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Thread: [Award Winner] Thatching for dummies...

  1. #11
      Redrobes is offline
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    Quote Originally Posted by Arandil View Post
    Nice! And no need for particle effects, kinda nifty.
    Hey Arandil, didn't see your post there ! Welcome to the guild. I'm looking forward to seeing Seers GMaps

  2. #12
      Redrobes is offline
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    While I am posting, heres a bit of the town using them...
    Attached Thumbnails Attached Thumbnails [Award Winner] Thatching for dummies...-tmp.jpg  

  3. #13
      Torq is offline
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    Great post Redrobes. I'm definately going to try to implement it in my next city map.

    Torq
    The internet! It\'ll never catch on.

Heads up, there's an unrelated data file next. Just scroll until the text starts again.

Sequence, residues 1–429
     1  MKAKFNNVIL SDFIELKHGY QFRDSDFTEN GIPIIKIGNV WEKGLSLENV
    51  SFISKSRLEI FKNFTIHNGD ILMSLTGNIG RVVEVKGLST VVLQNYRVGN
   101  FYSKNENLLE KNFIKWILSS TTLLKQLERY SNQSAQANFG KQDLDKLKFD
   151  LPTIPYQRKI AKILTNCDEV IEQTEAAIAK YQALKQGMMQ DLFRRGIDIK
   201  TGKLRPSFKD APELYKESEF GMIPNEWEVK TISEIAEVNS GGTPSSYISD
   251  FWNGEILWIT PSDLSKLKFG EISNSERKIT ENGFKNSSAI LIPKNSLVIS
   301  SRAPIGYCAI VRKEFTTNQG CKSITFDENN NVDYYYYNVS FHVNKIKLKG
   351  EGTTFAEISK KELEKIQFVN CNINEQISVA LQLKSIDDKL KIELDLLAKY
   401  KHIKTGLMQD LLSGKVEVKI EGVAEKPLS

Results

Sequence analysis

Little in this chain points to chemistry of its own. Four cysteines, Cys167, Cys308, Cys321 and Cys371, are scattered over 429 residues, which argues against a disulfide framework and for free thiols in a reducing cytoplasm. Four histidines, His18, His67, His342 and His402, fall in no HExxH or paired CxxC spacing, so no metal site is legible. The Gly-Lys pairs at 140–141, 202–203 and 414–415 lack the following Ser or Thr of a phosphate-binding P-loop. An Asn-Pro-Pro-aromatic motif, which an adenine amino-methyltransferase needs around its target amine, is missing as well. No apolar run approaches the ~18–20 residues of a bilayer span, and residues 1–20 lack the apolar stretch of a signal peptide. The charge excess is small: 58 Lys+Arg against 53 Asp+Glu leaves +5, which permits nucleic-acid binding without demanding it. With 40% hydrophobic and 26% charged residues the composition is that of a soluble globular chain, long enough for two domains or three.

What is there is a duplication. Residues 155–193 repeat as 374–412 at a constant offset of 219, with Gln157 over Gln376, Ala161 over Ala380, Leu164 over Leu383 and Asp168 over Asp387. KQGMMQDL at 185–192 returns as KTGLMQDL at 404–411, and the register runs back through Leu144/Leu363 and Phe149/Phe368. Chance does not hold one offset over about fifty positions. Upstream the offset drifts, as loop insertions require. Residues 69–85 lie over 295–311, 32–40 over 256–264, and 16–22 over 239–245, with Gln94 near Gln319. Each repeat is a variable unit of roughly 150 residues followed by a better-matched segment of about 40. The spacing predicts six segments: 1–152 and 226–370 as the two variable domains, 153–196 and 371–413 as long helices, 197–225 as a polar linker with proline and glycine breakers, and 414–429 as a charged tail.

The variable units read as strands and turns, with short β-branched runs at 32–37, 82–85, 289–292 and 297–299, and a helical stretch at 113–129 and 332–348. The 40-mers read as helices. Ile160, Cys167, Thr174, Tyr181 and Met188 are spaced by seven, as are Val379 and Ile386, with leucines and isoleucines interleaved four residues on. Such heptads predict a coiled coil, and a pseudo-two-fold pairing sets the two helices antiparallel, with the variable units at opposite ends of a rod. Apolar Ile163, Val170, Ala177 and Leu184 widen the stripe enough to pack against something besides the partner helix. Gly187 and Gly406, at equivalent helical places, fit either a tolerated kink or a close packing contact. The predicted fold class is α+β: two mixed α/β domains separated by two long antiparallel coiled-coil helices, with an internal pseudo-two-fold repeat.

Software Used: Terranoise, Wilbur, Terragen, The Gimp, Inkscape, Mojoworld

  4. #14
      su_liam is offline
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    The lighting on your buildings seems a little disarrayed. It looks like you need to create your thatch texture unshaded, and then apply your shading in situ.

    So if I get what you are doing here, you are using your differently lit versions of the object to index the various thatch images by orientation.

    Using a Sobel algorithm(I think) to calculate the partial derivatives of the HF in the vertical direction and then calculating atan(∂y/∂x). You can use the result, truncated to [0, 7] to select thatch images by index. This could be quicker than running a full 3d render eight times. I will leave the implementation as an exercise for smarter people than myself(you).